From the Piazza della Signoria we walked to the Basilica de Santa Croce, which was our perpetual meeting place for the rest of the tour's duration in Florence. The Basilica de Santa Croce has the distinction of having four tombs of great renown in it. When you first enter the Basilica, it seems almost plain compared to some of the other churches in Florence and other places we visited, but to the right of the entrance is the tomb of Michelangelo, and along the left side are the cenotaph (a tomb waiting for the body, which is buried in Ravenna) of Dante (the author- The Inferno), and the tombs of Leonardo da Vinci (scientist, sculptor, painter and inventor), and Galileo Galilei (astronomer and scientist). A very impressive group of dead people, to be sure.

Our organized tour of Florence ended here, and the tour guide gave us two hours or so to get some lunch, do some shopping, and meet back at the Basilica for the bus ride to the hotel. We chose to eat lunch in a cafe by the Basilica's square, and then we browsed through some of the leather and gold shops in the area.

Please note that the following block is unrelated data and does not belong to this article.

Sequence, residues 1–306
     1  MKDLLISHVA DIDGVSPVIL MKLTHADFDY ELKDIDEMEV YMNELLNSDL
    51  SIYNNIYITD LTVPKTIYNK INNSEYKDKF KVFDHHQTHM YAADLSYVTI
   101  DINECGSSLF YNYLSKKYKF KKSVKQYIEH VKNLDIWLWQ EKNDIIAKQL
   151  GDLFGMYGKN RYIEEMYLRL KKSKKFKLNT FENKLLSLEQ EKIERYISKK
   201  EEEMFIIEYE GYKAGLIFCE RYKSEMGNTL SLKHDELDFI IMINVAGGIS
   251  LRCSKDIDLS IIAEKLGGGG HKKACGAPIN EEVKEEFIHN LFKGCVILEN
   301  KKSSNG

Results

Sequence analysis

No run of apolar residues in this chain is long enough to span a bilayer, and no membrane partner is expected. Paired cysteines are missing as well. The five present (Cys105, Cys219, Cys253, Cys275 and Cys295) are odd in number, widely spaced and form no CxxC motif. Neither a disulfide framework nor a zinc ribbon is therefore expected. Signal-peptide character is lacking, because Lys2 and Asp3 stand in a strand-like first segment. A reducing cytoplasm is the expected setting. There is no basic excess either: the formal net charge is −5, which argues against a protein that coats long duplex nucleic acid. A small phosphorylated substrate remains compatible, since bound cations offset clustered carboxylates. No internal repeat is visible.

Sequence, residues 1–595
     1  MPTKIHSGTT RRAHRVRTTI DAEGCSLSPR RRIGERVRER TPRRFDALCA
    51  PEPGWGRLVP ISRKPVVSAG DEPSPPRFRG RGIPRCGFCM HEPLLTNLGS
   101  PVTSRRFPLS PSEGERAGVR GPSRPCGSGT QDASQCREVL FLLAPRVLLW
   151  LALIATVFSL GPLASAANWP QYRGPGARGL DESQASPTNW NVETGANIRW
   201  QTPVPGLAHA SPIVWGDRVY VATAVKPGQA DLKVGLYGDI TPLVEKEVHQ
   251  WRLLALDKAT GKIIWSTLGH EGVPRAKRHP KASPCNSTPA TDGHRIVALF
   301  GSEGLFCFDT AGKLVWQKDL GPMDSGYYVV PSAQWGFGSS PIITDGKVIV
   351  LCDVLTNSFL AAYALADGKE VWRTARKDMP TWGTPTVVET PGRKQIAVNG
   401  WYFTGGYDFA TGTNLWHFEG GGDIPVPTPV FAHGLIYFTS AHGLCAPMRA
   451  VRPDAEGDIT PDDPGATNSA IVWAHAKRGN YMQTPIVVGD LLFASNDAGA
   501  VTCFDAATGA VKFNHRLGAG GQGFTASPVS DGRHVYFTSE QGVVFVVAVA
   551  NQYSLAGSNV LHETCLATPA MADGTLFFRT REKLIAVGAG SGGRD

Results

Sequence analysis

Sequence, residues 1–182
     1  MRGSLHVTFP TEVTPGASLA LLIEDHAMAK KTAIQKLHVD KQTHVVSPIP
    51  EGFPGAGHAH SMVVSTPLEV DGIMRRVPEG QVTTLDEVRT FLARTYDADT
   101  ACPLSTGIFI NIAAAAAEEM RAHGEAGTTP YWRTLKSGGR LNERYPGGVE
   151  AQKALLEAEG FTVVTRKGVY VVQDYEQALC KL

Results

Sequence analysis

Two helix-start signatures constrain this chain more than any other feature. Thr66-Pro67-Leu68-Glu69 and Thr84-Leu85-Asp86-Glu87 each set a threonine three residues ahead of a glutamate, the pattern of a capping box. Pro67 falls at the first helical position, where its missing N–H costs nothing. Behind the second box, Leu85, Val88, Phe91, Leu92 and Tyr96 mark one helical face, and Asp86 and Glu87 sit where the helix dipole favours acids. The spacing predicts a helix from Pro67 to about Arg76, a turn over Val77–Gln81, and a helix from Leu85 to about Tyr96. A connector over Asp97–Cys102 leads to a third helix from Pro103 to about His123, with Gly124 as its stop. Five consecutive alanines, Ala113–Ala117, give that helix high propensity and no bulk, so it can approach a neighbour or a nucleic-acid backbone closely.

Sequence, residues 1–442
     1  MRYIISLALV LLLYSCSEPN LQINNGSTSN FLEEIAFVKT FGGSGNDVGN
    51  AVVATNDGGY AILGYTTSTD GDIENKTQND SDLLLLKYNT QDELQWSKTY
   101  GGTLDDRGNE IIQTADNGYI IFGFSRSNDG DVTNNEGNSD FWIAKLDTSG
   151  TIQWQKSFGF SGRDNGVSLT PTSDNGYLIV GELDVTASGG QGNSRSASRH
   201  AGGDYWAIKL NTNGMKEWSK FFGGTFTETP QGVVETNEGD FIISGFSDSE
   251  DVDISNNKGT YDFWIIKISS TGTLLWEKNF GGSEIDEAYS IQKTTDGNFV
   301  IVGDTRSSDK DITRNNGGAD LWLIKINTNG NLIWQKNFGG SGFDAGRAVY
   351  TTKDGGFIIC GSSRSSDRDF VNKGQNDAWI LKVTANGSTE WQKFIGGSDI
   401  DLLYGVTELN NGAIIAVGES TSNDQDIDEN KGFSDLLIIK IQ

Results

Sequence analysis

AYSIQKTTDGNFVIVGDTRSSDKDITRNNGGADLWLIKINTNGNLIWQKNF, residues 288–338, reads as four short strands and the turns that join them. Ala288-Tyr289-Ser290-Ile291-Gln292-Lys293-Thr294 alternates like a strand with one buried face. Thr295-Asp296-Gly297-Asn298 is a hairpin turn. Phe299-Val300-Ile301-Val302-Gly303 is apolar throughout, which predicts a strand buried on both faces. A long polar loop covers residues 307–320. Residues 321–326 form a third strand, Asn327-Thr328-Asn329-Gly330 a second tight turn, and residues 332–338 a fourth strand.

That afternoon, after checking into the hotel and getting a refreshing shower, we headed off for the first of two side tours, to Siena. Siena (ancient name was Saena Julia), is the capital of Siena Province, in the Tuscany Region. Siena is a tourist center and a market for the wine and marble produced in the area. Terra (or raw) sienna, used as a pigment in paints, is produced in the vicinity. We visited the Cathedral of Siena, originally intended to be bigger and grander than St. Peter's Basilica in Rome. The cathedral (11th-14th century) is one of the finest examples of Gothic architecture in Italy. The Gothic style municipal palace, begun in 1288 and finished in 1309, contains numerous paintings by Sienese artists. The black plague of the 1400's, though, derailed those plans for such a grandiose church, and all that was completed was a small portion of what was planned. We also visited the Church of San Dominico, which houses the embalmed head of St. Catherine (the girls would have thought that was gross).